How to Radically Re-Imagine Food System

For decades, our food system has developed in silos, lacking coordination with other sectors. While our policies are designed to provide cheap calories, they can lead to diet-related diseases. Our production systems are also largely inefficient and contribute to environmental concerns such as climate change and biodiversity loss. These issues require radical re-imagining. Here are three approaches to addressing them. Considering all of these factors, we can develop solutions and create a healthier future.


The Rockefeller Foundation launched a global call for proposals to re-imagine the food system. More than 1,300 teams responded, with a final selection of 79 semi-finalists and 10 bold ideas. The Foundation awarded $200,000 to each winner. The proposals address a range of issues, from food sovereignty on a Native American reservation to promoting a plant-based diet in metropolitan Beijing. Here are three key ingredients to consider for successful reforms.

Food systems are deeply integrated and interdependent, requiring effective coordination and adaptation to changes in the marketplace. In order to become sustainable and productive, they must be resilient to change, and this means embracing both technical agro-logistical and organisational change. To meet these goals, researchers must draw on a variety of disciplinary approaches and draw upon both short and long value chains. The researchers use a multimodal approach, including critical discourse analysis.

The report makes important recommendations for policy makers, decision makers and actors in the private sector. It also highlights the role of agriculture in food security. Globally, population growth is outpacing economic growth, causing challenges for urban populations. Food systems need upgrading and urban-rural linkages must be improved. In addition, urbanization is causing pressure on land and resources. Developing an inclusive food system is essential to a vibrant economy.


We need to radically re-imagine our food systems to end hunger and support biodiversity and community well-being. The problem is that while there are many ideas for transformation, there is also much disagreement over the solutions and future we envision. But we can agree that a radical transformation is necessary for food systems to recover from the harms caused by colonialism and extractive development. Rapid changes can also be coopted by powerful elites or technocratic agendas.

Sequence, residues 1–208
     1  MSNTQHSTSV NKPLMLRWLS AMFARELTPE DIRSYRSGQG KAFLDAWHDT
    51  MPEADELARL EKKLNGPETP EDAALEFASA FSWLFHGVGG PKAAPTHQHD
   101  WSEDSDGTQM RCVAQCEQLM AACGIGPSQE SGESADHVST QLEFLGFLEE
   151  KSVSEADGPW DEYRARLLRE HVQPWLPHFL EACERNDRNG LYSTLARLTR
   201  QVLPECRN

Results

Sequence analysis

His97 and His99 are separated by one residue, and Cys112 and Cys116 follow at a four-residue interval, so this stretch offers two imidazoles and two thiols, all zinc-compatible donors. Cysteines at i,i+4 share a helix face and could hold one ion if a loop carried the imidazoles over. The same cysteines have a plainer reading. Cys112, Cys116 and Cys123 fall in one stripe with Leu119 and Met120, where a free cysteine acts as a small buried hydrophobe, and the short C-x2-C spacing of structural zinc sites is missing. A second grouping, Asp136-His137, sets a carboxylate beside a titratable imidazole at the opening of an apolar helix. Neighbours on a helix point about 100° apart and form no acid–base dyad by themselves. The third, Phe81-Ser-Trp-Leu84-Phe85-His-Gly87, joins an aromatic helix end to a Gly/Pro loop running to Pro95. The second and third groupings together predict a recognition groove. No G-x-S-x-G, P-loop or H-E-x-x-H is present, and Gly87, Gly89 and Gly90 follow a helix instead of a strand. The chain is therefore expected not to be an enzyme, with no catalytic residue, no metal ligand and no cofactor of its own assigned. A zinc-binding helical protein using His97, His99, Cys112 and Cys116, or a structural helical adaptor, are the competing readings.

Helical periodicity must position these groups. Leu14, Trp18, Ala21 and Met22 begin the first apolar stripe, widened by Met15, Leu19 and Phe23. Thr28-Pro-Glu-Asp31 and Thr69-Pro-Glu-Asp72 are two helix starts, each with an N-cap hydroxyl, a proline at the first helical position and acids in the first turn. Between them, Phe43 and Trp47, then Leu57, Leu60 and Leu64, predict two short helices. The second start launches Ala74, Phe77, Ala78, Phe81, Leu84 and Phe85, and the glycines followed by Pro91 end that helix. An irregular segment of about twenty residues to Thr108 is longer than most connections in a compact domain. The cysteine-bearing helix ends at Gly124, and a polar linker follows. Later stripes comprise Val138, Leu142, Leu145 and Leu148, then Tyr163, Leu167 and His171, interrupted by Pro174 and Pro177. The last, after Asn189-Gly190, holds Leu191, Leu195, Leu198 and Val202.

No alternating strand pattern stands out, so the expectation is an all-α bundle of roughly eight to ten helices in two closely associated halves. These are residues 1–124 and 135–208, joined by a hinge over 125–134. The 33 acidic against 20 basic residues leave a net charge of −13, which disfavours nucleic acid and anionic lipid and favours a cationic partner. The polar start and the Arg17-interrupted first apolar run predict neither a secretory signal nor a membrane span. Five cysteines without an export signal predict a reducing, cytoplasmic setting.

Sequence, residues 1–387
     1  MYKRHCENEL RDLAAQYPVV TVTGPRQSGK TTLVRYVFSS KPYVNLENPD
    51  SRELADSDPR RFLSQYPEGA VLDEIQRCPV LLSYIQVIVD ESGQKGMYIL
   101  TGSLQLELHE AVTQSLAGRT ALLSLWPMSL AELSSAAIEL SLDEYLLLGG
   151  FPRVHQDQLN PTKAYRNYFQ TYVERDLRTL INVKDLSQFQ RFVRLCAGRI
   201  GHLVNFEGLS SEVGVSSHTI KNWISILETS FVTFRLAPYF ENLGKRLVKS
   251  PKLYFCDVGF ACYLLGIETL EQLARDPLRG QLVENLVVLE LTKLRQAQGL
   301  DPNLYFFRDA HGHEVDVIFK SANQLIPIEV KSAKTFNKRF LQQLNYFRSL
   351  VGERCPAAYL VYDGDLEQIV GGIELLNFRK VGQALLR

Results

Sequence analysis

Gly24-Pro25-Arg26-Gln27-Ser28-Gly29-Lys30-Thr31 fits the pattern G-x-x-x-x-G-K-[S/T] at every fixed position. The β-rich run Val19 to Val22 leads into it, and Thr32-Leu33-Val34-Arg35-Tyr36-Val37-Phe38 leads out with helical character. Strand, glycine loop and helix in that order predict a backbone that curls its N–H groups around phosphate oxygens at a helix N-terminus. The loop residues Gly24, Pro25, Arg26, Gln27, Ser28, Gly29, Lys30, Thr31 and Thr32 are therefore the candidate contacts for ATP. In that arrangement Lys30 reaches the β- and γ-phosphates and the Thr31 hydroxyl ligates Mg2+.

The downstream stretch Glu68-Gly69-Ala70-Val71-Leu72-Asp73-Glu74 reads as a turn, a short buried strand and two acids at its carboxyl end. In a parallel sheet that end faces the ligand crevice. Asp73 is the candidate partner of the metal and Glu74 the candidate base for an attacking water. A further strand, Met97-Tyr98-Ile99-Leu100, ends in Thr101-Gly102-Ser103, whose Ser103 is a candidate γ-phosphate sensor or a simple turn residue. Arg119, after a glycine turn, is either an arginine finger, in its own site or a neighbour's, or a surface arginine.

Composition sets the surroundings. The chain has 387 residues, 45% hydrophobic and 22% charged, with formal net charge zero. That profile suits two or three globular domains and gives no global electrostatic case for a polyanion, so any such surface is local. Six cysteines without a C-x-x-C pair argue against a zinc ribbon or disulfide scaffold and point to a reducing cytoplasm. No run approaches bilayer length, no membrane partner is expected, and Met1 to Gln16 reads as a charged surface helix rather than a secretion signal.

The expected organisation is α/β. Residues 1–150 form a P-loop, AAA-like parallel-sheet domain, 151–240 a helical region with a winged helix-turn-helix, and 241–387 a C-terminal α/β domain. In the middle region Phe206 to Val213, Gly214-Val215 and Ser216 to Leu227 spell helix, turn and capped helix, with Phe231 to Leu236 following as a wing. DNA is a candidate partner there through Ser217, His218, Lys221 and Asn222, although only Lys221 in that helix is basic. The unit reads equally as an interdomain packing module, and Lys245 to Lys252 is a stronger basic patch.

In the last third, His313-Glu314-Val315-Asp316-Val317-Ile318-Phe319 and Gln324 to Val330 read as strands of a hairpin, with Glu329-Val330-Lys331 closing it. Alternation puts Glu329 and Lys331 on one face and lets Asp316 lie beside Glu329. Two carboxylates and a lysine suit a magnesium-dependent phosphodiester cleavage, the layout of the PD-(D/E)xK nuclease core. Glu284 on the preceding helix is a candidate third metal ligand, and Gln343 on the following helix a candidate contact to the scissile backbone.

We must also radically transform our food systems to support sustainable diets. These new diets must be accessible, nutritious, economically fair, culturally appropriate, and work within the limits of our planet. By taking a holistic view of our food systems, we can find solutions that will work for everyone. There are several Continuing Education credits available for those who want to dive deeper into food system transformation. Thought leaders are also present to inspire and educate.

The growing power of corporations has profound implications for our economy, politics, and governance. With vertical and horizontal concentration in the agri-food sector, new digital technologies have ensconced industrial food systems and impacted national and global governance. We know that world’s largest corporations now have market values exceeding the GDP in many countries, and they are also key players in global food governance. The Big Six firms that controlled agricultural inputs in the early 2000s have evolved into just four giants.


While bold developments have been happening on various fronts, we need ambitious action to accelerate progress. We need to connect agendas, fill in gaps, and seize opportunities to reimagine food systems. Let’s examine some examples. For example, consider the Rosebud Indian Reservation, which spans 2,000 square miles and has only three grocery stores. Although it has plenty of local farms, commodity crops, and abundant wildlife, it is largely underutilized. Nevertheless, this small community has been living off of the proceeds from its lucrative commodity crops for decades.

As climate change becomes more prevalent, food is at risk. With rising temperatures and more frequent extreme weather events, the food supply chain is under serious threat. Fortunately, the possibilities for creating new food systems are endless. Here are three approaches to reimagine our food system:

Commons-thinking includes more than the formal commons. It extends to the sociality of commoning, where communities must be active collaborators. Commons can be depleted, abused, and stolen. We need to protect the commons for future generations. It’s important to note that each of these approaches may be radical and non-ideological, but they are both possible and essential.

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